Let’s start with the truth.

Scientific misconduct | WIKI

Scientific misconduct is the violation of the standard codes of scholarly conduct and ethical behavior in the publication of professional scientific research. A Lancet review on Handling of Scientific Misconduct in Scandinavian countries provides the following sample definitions,[1] reproduced in The COPE report 1999:[2]

Danish definition: “Intention or gross negligence leading to fabrication of the scientific message or a false credit or emphasis given to a scientist”

Swedish definition: “Intention[al] distortion of the research process by fabrication of data, text, hypothesis, or methods from another researcher’s manuscript form or publication; or distortion of the research process in other ways.”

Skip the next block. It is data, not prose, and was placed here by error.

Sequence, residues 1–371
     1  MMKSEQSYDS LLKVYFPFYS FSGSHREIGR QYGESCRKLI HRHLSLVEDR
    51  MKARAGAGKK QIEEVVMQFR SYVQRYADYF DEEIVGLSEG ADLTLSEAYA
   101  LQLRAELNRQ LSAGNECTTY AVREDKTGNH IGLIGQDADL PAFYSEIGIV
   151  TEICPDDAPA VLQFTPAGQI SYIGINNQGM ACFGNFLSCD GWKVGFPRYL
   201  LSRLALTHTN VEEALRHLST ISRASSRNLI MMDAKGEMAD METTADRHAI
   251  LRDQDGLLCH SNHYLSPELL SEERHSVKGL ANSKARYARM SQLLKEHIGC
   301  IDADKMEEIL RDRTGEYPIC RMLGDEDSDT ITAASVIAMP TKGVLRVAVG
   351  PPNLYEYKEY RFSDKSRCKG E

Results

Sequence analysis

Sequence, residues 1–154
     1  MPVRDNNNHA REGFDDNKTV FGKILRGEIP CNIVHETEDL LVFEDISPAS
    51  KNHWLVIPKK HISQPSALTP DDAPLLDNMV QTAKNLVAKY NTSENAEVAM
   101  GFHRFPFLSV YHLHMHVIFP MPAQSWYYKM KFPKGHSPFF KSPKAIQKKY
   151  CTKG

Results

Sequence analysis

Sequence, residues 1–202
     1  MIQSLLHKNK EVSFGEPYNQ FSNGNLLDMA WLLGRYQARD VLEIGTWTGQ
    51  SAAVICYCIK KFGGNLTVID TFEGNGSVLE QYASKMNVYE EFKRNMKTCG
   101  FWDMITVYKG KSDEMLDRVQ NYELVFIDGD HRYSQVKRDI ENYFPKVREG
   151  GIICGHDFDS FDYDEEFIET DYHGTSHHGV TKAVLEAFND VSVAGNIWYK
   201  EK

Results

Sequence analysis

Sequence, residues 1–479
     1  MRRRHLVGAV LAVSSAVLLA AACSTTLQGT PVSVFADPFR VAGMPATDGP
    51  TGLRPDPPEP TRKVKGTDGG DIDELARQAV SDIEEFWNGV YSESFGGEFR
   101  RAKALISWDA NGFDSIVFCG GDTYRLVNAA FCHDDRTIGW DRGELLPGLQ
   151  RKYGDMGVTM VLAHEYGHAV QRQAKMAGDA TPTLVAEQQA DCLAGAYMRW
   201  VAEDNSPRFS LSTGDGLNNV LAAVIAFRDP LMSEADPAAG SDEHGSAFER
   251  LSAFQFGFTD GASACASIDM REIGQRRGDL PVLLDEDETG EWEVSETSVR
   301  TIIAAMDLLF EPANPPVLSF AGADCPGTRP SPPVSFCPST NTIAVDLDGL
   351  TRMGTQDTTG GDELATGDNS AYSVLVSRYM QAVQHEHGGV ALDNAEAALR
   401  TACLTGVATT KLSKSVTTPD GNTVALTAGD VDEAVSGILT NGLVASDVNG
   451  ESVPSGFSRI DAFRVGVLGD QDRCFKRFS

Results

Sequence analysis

The consequences of scientific misconduct can be damaging for perpetrators and journal audience[3][4] and for any individual who exposes it.[5] In addition there are public health implications attached to the promotion of medical or other interventions based on false or fabricated research findings.

Three percent of the 3,475 research institutions that report to the US Department of Health and Human Services’ Office of Research Integrity, indicate some form of scientific misconduct.[6] However the ORI will only investigate allegations of impropriety where research was funded by federal grants. They routinely monitor such research publications for red flags and their investigation is subject to a statute of limitations. Other private organizations like the Committee of Medical Journal Editors (COJE) can only police their own members.[7]

The validity of the methods and results of scientific papers are often scrutinized in journal clubs. In this venue, members can decide amongst themselves with the help of peers if a scientific paper’s ethical standards are met.

Notify of
Inline Feedbacks
View all comments
Would love your thoughts, please comment.x